Season Tickets are now on sale to the general public for CPCC Theatre’s 2017/18 Season. CPCC Theatre will present an award winning season of shows from September 22nd to April 15th showcasing the finest in theatre available in the Metrolina area. Contact the SunTrust Box Office 704-330-6534 or purchase online at tix.cpcc.edu.

Season Tickets to CPCC Theatre represent the biggest savings for all around entertainment value in the Charlotte area. Call today before the best seats are gone.

The Bridges of Madison County September 22 – October 1 Halton Theater

The Crucible October 27 – November 5 Pease Auditorium

Evita February 16-25  Halton Theater

On Golden Pond April 6 -15 Pease Auditorium

Regular Season Ticket  $ 57.00

Senior Season Ticket $53.00

Single Tickets on sale September 1st.

 

Comedy of Tenors Has Plenty of Doors and Plenty of Farce – CVNC.org Review

THROUGH 7/9: CPCC’s Comedy of Tenors Has Plenty of Doors and Plenty of Farce

Event  Information

Charlotte — Wed., Jul. 5, 2017 at 7:00 PM ( Fri., Jun. 30, 2017 – Sun., Jul. 9, 2017 )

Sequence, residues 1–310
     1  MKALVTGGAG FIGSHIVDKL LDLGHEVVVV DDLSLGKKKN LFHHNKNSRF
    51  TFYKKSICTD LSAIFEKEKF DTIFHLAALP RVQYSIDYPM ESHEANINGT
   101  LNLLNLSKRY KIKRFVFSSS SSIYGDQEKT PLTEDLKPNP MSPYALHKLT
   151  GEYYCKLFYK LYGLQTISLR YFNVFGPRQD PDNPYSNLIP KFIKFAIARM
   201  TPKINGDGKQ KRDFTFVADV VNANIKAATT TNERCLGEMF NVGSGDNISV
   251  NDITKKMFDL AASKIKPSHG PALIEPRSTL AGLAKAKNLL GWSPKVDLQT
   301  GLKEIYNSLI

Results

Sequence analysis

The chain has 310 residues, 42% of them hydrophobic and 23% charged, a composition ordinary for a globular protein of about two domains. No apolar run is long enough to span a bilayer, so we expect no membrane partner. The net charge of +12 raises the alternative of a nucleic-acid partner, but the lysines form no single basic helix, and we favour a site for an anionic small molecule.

Central Piedmont Community College: A Comedy of Tenors
$22-$18; Children $10 — Pease Auditorium, CPCC , (704) 330-6534 , http://www.facebook.com/cpccarts

June 30, 2017 – Charlotte, NC:

 

Ken Ludwig has written over 20 plays and musicals over the past quarter of a century, nine of which have now been presented in Charlotte. While the books for his two Gershwin musicals, Crazy for You and An American in Paris, display his craftsmanship, Ludwig’s most enduring comedy is undoubtedly his first Broadway hit, Lend Me a Tenor. First produced in 1989, Tenor was converted to a London musical in 2011, after a Broadway revival the previous season. So why shouldn’t the playwright entertain the notion of recycling his Tenor characters into a sequel? The idea evidently seems so natural to Central Piedmont Community College Summer Theatre, an organization that rarely produces a musical or a comedy that isn’t at least a decade old, that it has brought A Comedy of Tenors to Pease Auditorium less than two years after it premiered in Cleveland.